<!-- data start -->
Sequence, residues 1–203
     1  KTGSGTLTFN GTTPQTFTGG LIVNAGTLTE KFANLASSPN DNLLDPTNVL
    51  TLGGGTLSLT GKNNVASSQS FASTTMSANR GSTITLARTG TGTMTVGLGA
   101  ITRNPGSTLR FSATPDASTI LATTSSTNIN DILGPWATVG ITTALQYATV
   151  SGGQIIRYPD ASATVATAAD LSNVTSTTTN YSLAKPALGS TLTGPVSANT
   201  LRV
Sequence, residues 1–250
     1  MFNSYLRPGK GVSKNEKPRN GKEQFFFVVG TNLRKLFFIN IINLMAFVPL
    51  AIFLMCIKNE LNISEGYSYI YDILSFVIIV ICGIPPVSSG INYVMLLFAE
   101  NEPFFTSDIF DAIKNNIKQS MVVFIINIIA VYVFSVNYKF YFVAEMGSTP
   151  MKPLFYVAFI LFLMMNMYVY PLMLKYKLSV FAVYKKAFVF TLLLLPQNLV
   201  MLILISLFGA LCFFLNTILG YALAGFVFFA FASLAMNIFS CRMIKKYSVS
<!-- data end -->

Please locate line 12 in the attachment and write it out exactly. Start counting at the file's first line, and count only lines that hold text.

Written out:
   201  MLILISLFGA LCFFLNTILG YALAGFVFFA FASLAMNIFS CRMIKKYSVS